Who are you?
Danny Jordan, waste transfer station manager at LKM Recycling, based in Sittingbourne, Kent.
How did you get into the waste industry?
I joined LKM from school, starting with sweeping the yard, and have worked my way up the ladder into management. I’ve been here for 12 years. LKM tries to promote from within, and I have been lucky enough to get promoted and rewarded for my hard work.
What did you buy?
The company bought a Kiverco modular MRF to separate out our dry mixed recyclables, which come from several sources into our waste transfer station.
Why this equipment?
We started the waste transfer site around two years ago and, as we were building this part of the business, we picked materials by hand. As we got to a certain size, we realised that we needed a robust mechanical solution to separate the materials and minimise any volume going to landfill.
We are currently at zero. This makes our two-acre site incredibly efficient and allows us to take in dry waste from many sources: blue-chip waste companies, other skip companies, tradespeople and builders and, of course, from our own skip business.
What was your criteria?
We were looking for something that was as future-proof as possible, where we could add extra processes in time, such as cleaning and separating builders’ rubble or hardcore. It needed to be backed by a strong machine manufacturer that understood our business and, in this case, was in the UK to ease uncertainty about Brexit.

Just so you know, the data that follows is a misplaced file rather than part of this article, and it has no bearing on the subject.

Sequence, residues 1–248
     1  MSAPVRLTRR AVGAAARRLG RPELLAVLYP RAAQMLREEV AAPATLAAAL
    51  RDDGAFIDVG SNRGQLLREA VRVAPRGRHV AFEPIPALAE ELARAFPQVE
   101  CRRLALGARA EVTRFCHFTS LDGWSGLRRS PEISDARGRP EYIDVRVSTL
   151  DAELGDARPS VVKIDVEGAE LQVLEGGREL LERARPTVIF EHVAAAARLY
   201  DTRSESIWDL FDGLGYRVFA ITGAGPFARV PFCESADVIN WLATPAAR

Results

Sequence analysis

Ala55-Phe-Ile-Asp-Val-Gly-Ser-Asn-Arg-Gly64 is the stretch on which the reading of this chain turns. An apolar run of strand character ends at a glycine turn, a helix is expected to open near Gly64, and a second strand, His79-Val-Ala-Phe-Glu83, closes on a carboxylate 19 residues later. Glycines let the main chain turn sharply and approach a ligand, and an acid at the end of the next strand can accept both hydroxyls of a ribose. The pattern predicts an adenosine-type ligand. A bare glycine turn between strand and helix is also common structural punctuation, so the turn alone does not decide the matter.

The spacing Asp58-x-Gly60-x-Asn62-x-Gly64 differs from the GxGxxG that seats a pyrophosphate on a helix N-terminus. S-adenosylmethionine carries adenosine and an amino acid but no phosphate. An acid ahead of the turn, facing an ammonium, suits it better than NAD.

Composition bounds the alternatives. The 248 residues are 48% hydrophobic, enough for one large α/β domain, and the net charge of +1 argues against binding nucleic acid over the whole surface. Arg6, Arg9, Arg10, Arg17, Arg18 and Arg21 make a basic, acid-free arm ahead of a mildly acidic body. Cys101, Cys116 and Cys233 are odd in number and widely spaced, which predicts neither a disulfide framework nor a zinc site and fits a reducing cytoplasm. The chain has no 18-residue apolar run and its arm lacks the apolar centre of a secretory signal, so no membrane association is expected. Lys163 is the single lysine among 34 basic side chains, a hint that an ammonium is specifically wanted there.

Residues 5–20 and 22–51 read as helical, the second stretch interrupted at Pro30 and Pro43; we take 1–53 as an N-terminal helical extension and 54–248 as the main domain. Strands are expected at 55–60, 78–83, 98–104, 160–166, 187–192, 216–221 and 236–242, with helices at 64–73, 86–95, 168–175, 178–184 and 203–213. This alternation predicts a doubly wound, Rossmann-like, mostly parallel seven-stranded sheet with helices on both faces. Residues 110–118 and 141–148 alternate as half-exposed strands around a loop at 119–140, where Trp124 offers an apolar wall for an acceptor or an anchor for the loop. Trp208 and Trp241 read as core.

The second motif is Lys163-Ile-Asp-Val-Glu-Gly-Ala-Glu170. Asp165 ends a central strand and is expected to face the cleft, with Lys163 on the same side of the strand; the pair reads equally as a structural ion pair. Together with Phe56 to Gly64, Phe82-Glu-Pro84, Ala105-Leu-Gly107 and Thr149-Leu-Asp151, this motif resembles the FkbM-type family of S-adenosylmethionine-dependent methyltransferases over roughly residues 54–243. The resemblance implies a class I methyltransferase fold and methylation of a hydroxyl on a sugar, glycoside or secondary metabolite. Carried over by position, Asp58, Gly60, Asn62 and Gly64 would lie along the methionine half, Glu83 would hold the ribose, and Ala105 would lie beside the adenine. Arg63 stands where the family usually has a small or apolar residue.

How did you research your purchase?
We looked at several companies in the market, pretty much all with good product, but the one that stood out a mile was Kiverco. It really seemed to get what we were trying to do, and was integral to the final design of our yard and transport flow.
With its years of experience designing and building recycling plants, we felt confident in the advice and the solutions it suggested. Kiverco’s focus is helping companies like ours to grow their business.
What did the equipment have to achieve?
The equipment had to produce a high quality of recyclable material. The trommel has great screening efficiency, which means all the fines are removed and we have clean material left to be picked.
Once it reaches the picking station, trap door bins remove the low-tonnage, high-value items such as copper cable, non-ferrous metals and so on. The magnet removes the ferrous metals and a 15kW blower cleans the remaining residual waste from the hardcore.
Were there any particular challenges to finding the right equipment?
You always take a bit of a risk whenever you invest in a new piece of kit. This is true in any purchase, but Kiverco’s thoroughness and allowing us to see customers’ operations that were like ours meant we could cover most questions before committing.
What were the pitfalls to finding the right equipment?
It can come down to several factors, from looking at the size of the power supply to working closely with planning authorities and the Environment Agency. On the machine, it can be the difference between manufacturers’ output claims and the reality of running it in your business.
There are always bumps in the road which just take a bit of thinking around to solve.
How does the equipment fit in with the company’s future plans?
It was important that we selected equipment that would adapt and grow with our business. Kiverco’s recycling plants are modular, which means the components are interchangeable and can be added on to. Like Lego, they can be taken apart and put together differently for different flows of material, changes in legislation or when having to move sites.
The trommel is designed with built-in capacity for future growth. Magnets/collections conveyors/ flip-flow screen and density separation can be added on if required. There is plenty of scope for expanding our system with Kiverco’s support.
Robust solution: Jordan in front of the company’s new MRF
“Like Lego, parts can be taken apart and put together differently for different flows of material, changes in legislation or when moving sites.”